The latest issue of the RabelsZ (Rabels Zeitschrift für ausländisches und internationales Privatrecht) has been published. As always, it contains a number of insightful articles. Here are the authors, titles and abstracts:
Ralf Michaels, Peter Mankowski *11.10.1966 †10.2.2022
Katharina Pistor, Rechtsvergleichung zwischen Rechts- und politischer Ökonomie: am Beispiel des Unternehmensrechts (Legal and Political Economics in Comparative Perspective: the Case of Corporate Law)
Hardly another area of the law has seen as much interest in comparative analysis as corporate law, in particular the publicly traded corporation. The dialogue among legal academics from different legal systems was facilitated by the use of a non-legal language – that of transaction economics. It offered a unified standard for analyzing the pros and cons of different legal rules and models of corporate governance. Legal details remained largely under the radar. More recently, political scientists have discovered the corporation as an object of analysis and have emphasized the political economy that is represented by the establishment, development and function of the “corporation as a legal person”. This literature pays closer attention to the role of the state in corporate law but has neglected questions of comparative law. This paper argues that comparative law could and should assert itself between these two social sciences as a field that is devoted to describing and explaining the similarities and differences of legal institutions as a part of social systems.
Stefan Grundmann, Pluralistische Privatrechtstheorie – Prolegomena zu einer pluralistisch-gesellschaftswissenschaftlichen Rechtstheorie als normativem Desiderat (»normativer Pluralismus«) (Pluralist Private Law Theory: Prolegomena to a Pluralist and Social Science Oriented Legal Theory as a Normative Desideratum (“Normative Pluralism”))
Just how legal scholarship and legal practice should address the social sciences and other fields of inquiry is a vital question whose answer is informed by concerns of innovation, logic, and an understanding of law and jurisprudence. Law and economics is an efficient vehicle in this regard, an approach that in the USA is perhaps even dominant. The present article distinguishes between a monist interdisciplinary openness – vis-à-vis a neighbouring discipline that may indeed already have a particular goal and benchmark in mind – and a pluralist interdisciplinary openness. It identifies in the latter a disproportionately greater heuristic potential (in terms of all societal views). In a pluralist society, one that moulds pluralism into a constitutional requirement, the author sees a pluralist interdisciplinary openness as, above all, normatively superior and even mandated. It also seems better suited to the logic of jurisprudence: a discipline seeking balance in society. The article also addresses the biggest “drawback” of the approach, the unanswered and difficult question of how to determine hierarchizations. Adopting a value-tracking approach, the author proposes a mechanism embracing constitutionality and democracy as guiding legal principles.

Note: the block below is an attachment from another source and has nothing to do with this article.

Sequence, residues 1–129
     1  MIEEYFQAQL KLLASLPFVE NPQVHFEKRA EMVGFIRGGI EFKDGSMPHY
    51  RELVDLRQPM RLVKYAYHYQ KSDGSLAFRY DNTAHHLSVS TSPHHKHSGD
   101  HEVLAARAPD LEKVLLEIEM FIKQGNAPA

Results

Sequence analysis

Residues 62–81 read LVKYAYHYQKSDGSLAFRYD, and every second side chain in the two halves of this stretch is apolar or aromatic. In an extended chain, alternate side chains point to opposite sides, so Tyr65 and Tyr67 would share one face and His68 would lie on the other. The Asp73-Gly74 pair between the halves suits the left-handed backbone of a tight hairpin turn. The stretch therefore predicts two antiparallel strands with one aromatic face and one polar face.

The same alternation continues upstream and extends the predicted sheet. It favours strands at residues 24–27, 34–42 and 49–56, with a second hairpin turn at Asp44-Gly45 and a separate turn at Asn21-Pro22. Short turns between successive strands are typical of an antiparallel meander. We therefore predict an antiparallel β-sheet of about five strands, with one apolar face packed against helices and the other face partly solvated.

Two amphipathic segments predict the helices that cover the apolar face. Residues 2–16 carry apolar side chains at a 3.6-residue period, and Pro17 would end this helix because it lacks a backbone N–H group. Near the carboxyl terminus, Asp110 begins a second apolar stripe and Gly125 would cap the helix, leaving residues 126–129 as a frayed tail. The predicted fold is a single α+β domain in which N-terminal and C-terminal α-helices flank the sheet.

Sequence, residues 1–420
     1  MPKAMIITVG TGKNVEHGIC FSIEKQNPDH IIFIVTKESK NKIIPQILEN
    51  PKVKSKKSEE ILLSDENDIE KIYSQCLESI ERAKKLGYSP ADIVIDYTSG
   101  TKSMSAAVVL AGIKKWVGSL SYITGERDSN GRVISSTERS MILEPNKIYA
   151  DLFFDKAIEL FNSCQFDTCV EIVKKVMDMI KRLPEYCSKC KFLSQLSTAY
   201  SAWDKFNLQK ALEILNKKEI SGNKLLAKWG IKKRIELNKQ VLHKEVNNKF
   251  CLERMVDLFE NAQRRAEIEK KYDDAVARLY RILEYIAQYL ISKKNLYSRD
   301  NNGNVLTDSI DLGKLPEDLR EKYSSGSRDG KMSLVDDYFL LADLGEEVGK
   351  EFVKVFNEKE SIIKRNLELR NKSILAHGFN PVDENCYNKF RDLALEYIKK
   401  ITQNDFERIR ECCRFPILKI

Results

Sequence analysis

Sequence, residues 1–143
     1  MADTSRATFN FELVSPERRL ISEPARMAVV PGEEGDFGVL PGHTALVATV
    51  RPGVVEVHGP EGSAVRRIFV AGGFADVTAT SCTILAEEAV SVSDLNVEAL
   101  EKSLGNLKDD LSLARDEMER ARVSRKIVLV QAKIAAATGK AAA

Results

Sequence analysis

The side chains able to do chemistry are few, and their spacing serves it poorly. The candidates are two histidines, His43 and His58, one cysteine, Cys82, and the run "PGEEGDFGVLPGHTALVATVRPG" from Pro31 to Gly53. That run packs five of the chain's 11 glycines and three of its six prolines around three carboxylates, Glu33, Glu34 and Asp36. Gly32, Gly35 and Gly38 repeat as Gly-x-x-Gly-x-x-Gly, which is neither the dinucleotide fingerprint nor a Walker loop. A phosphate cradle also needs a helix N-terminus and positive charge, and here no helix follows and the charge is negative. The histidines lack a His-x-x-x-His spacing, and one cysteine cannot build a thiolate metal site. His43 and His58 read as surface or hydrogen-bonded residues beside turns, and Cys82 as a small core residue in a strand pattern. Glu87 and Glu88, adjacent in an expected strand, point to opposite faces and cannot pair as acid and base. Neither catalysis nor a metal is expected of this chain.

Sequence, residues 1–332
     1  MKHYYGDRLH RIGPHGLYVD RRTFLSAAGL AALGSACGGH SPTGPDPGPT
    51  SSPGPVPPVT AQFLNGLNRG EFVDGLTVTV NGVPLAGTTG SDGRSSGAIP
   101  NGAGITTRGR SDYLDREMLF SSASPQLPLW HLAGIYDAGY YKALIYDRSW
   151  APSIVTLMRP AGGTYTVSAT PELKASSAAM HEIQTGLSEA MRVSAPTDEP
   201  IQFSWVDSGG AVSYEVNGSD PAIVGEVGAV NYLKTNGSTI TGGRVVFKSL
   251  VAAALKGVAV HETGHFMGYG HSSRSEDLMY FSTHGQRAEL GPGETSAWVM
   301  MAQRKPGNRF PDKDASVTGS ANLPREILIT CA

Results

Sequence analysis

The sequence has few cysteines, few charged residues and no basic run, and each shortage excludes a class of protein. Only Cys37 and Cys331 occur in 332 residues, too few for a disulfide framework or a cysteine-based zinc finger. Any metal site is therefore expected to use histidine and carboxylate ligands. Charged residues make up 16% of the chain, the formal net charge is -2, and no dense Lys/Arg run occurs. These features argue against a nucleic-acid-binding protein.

Rolf Stürner, The ELI / UNIDROIT Model European Rules of Civil Procedure – An Introduction to Their Basic Conceptions
This contribution introduces the basic conceptions of the Model European Rules of Civil Procedure, which were affirmed by the European Law Institute, Vienna, and by UNIDROIT, Rome, in 2020. In its first part it describes the prior history of the project (ALI/UNIDROIT Principles of Transnational Civil Procedure, Storme Commission) and the history of the emergence of the Model Rules between 2013 and 2020. The following parts depict the organization and coordination of the common work in the various groups, an analysis of methodological questions arising in the context of harmonization of procedural law, a detailed presentation of important results of harmonization in fields of far-reaching convergence of national procedural laws, considerations about strong future trends of procedural design and their significance for different areas of civil procedure, and finally some remarks on innovative procedural developments taken into account by the Model Rules, with important examples in fields like collective proceedings and the financing of proceedings, or in the use of modern means of communication or artificial intelligence. The contribution also contains some cautious remarks on internal conditions associated with the emergence of the Model Rules that may have influenced its results.
Igor Adamczyk and Jakob Fortunat Stagl, Der Eigentumserwerb an Fahrnis im polnischen Recht (Transfer of Ownership in Movable Property under Polish Law)
This essay deals with the transfer of ownership under Polish law. The main question is whether Poland simply adheres to one of the classical models historically significant for this country – that of Austria, Germany, or France – or whether its system can be considered an original solution. The authors are convinced that one cannot analyse the transfer of ownership without considering the underlying contract. In particular, the passing of risk has to be considered in unison with the rules for the passing of ownership. These rules as a whole may seem syncretistic or “mixed”, yet they have to be understood as a genuine – Polish – system for the transfer of ownership.
The table of contents in German is available here.